When you begin any kind of creative project with inspiration fueling your expression, all you have to do is let go, let it flow, and see what shows up. Being uninspired, a far more common occurrence, feels like a gray cloud is hovering. Your mind is jumbled and unfocused, skipping from thought to thought like an Orangutan, jumping from one tree branch to the next, never alighting or resting anywhere. It feels like you can’t win. Sticking with your work feels foolish and walking away feels cowardly. The solution to this dilemma is straightforward: Just keep doing what you’re doing and inspiration just might show up.

Albert Einstein said, “Genius is not that you’re smarter than anyone else. It’s that you’re ready to receive the inspiration.”

Thomas Edison said. “Genius is 5% inspiration and 95 % perspiration.”

I like to think of inspiration as “The Muse,” an invisible genius, often in female form, who fills you up with beauty, kindness, expanded vision and boundless energy. We all want her to honor us with her presence, but chasing her is like trying to keep a cat on your lap when she doesn’t want to be there. The muse almost never shows up when you want her to. Like a snobby socialite who arrives fashionably late to the festivities, she’s the life of the party once she’s there, she graces you with enthusiasm and hope – and then she leaves without warning.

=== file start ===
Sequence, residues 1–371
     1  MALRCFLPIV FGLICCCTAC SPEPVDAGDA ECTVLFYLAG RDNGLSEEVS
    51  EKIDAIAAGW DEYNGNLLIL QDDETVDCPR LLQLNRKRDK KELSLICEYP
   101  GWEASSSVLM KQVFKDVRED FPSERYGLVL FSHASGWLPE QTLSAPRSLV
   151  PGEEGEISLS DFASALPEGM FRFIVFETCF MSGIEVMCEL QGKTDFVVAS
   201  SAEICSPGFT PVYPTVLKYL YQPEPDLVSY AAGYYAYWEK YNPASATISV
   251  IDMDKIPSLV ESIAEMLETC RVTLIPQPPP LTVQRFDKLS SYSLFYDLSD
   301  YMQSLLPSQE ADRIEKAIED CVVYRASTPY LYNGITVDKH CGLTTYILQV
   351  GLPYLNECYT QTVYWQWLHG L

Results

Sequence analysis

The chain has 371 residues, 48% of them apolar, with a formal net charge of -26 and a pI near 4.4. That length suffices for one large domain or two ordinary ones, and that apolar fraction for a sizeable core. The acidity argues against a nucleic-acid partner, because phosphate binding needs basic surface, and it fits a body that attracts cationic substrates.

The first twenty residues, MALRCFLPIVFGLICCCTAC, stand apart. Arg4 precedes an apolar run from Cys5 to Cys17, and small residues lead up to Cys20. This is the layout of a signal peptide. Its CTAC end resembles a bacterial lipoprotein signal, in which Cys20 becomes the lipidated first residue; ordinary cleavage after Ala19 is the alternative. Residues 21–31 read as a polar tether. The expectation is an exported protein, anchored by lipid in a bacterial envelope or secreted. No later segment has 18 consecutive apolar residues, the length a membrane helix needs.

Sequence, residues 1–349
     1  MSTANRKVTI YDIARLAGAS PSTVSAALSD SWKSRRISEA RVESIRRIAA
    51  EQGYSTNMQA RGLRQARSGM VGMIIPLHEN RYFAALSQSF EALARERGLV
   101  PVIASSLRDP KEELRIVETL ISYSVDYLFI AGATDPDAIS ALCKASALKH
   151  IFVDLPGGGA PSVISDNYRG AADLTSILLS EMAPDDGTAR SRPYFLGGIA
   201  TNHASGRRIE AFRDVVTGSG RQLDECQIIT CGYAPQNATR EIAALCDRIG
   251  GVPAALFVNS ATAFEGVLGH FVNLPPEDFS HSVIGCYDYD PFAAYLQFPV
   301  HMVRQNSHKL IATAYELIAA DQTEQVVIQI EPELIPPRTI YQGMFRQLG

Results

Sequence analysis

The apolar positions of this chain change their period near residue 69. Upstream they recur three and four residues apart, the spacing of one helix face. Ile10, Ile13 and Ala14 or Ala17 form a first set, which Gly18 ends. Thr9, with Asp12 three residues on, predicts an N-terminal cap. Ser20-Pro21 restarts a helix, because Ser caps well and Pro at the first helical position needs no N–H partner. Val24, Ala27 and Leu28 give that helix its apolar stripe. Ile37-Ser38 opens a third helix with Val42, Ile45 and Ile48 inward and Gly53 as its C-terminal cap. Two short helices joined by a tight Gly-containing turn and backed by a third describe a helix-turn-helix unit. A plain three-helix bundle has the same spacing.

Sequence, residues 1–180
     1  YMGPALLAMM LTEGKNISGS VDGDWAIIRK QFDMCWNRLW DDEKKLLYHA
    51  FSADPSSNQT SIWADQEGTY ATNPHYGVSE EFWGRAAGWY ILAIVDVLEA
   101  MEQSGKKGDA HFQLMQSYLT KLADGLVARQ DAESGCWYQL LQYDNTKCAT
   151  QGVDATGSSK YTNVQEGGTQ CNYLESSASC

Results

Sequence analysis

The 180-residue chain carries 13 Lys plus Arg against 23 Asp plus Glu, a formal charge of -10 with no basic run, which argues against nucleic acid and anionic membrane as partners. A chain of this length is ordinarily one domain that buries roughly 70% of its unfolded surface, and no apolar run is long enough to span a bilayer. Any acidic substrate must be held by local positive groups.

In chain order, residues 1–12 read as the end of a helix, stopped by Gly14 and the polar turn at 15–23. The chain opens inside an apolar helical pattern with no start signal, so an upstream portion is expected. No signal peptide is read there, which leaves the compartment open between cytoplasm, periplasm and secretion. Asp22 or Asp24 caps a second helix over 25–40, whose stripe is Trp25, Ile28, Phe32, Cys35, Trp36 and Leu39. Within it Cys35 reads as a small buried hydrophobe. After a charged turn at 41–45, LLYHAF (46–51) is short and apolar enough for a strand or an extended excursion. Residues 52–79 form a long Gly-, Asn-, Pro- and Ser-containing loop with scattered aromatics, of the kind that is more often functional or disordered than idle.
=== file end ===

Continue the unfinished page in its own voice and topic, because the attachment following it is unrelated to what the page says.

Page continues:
There’s only one way to deal with her. You have to start without her, appreciate her presence when she arrives and be grateful she was there when she leaves. A friend of mine was staying in an ashram in India when he got a call from the states that a family member had died. When he was ready to fly back home for the funeral, he asked his guru, “Will you miss me?”

The guru smiled warmly and said, “When you are here, I celebrate your presence. When you are gone, I celebrate your absence.

About a year ago, I called a fellow writer when I was trying to resurrect a novel I’d set aside a few months earlier. “My characters won’t let me back in,” I said. “I created them and I want to rework them, but they’re shutting me out. They won’t talk to me. They don’t want anything to do with me. What should I do?”

She had no answers. I would have to forge my own way back into my material that seemed to be rejecting me. I surrendered, I kept on going, and finally I broke through and found inspiration on the other side. If you feel like you’re up against the wall, isolated, confused, and uncertain how to point yourself in the right direction, instead of obsessing over the muse and chasing inspiration, pledge your undying loyalty to her, get to work and try letting inspiration find you.

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